In its quest for gaining mobile turf, Facebook’s opening up new frontiers. Earlier yesterday, Facebook launched the App Center for the web and mobile phones for the iOS and Android platform. It is akin to an App Store, featuring games and other utility apps. There are reportedly 600+ apps, and Facebook will give the user personalized suggestions on these apps based on its knowledge of the user’s engagement. From its announcement -
“The App Center gives you personalized recommendations, and lets you browse the apps your friends use. It only lists high-quality apps, based on feedback from people who use the app. You can send apps you find on your computer to your mobile device using the new “Send to Mobile” feature. If a mobile app requires a download, you’ll be sent to install it from the Apple App Store or Google Play."
So why is Facebook doing this? Lets look at it from the app, the user, the developer, and Facebook’s perspective. Firstly, for apps, it’s a one-stop shop for all the Facebook-intergrated applications and games from the mobile platform as well as the web. Plus, it’ll be personalized unlike the app-directory and thus hopefully increase user participation with the apps. Not that these apps need any more help in engaging, but this platform could seriously help boost the smaller apps that are not so recognized. For users – they will now be able to explore the ever-increasing apps and games for Facebook. Plus once lots of users are hitched to this, Facebook can easily recommend the user what apps it thinks are good for them, what apps their friends are using, etc. The exploitation of the OpenGraph into these apps will prove beneficial for users, as well as for Facebook.
Coming to developers, Facebook has seen huge success letting third-party developers build games and social apps using Facebook’s API. At the launch announcement, Facebook shared some stats. More than 230 million people play games on Facebook every month. More than 4,500 timeline apps have launched since its conference f8 in September 2011. Users can try their apps more easily, and the visibility of these apps has been magnified substantially. As an app-developer, this launch is a huge advantage for you. Developers will also be able to offer paid apps on the App Center, and this will help boost sales and interest towards building Facebook-integrated apps (Facebook keeps 30%, and the rest to the developer). The monetization will happen via Facebook Credits.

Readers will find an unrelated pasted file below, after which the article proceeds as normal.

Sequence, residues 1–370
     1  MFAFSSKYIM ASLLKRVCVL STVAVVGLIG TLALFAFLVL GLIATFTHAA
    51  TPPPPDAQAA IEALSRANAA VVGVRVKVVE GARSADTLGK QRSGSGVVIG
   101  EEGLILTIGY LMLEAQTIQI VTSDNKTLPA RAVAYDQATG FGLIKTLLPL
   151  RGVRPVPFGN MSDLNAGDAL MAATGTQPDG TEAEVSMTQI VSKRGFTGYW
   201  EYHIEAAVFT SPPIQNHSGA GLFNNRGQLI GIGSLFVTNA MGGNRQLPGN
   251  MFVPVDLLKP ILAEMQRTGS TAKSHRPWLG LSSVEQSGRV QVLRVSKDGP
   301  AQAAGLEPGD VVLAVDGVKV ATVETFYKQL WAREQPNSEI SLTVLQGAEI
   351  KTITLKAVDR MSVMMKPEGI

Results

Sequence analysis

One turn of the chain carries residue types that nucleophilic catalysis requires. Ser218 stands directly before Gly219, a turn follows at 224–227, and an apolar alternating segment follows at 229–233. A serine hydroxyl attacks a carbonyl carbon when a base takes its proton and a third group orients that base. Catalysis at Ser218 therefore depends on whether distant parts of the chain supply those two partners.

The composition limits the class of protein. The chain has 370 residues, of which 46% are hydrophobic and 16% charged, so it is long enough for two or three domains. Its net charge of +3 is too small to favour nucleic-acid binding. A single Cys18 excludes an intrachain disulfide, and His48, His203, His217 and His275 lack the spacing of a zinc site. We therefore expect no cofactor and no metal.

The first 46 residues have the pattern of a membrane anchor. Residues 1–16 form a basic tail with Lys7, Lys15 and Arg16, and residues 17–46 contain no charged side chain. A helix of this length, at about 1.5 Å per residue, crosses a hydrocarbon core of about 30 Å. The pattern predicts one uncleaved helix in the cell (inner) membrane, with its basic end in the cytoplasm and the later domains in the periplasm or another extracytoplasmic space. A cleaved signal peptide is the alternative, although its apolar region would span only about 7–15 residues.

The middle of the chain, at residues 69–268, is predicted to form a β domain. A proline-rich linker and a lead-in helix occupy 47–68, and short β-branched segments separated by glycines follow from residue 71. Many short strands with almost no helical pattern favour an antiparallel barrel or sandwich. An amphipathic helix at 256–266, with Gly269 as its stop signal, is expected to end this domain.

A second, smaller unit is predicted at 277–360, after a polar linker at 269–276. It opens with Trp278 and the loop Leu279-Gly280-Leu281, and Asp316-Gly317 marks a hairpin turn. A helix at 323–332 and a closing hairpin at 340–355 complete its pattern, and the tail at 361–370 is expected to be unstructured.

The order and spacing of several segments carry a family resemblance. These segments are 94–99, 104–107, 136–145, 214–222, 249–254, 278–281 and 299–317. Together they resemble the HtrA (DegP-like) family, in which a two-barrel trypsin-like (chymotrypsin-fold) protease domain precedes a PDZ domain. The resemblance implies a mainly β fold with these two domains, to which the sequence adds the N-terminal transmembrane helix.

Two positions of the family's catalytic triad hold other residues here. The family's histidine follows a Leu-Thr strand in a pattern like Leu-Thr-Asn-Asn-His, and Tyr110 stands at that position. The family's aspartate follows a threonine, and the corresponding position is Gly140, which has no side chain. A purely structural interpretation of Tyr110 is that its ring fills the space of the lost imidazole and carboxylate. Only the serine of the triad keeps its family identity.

The AppCenter is a very smart move on Facebook’s part. Putting a central base for all the apps using the Facebook API is an advantage for everyone. Although Facebook might also try to sell the app directly (in which case it would become the App Store) later for revenue, which would pull lots of money from Apple’s sales, Facebook says it doesn’t have any plans of selling apps independently. But for downloading the app, Facebook sends customers to Google Play or the Apple Store, and thus garnering millions of customers to these tech giants. Apple has also promised to improve on its non-existent Facebook integration into iOS6, which should help Facebook significantly.
Another important angle to this is Mobile. Mark Zuckerberg remarked before the IPO that Mobile was their number one priority. The company is under lots of pressure to become a better mobile platform than its current status, where the usability and design of the Facebook mobile app have been criticized. And mobile is an excellent option to generate revenue. Following this, Facebook has been working hard to be more of a mobile platform - it has rolled out mobile versions of its Credits virtual currency, and its Open Graph’s modifiers which have helped lots of apps gain traction. There were rumors that Facebook was going to build its own Facebook phone , but it looks unlikely because of the hardware issues. The previous acquisitions of Instagram and Lightbox, as reported earlier, indicate that Facebook is all-set to increase its monetization prospects from mobile, also since customers are increasingly moving from the website to the mobile app.
With the launch of App Center, Facebook should ideally receive a substantial increase in revenue, as well as please both developers and users. How the App Center really affects its tryst with Mobile domination remains to be seen.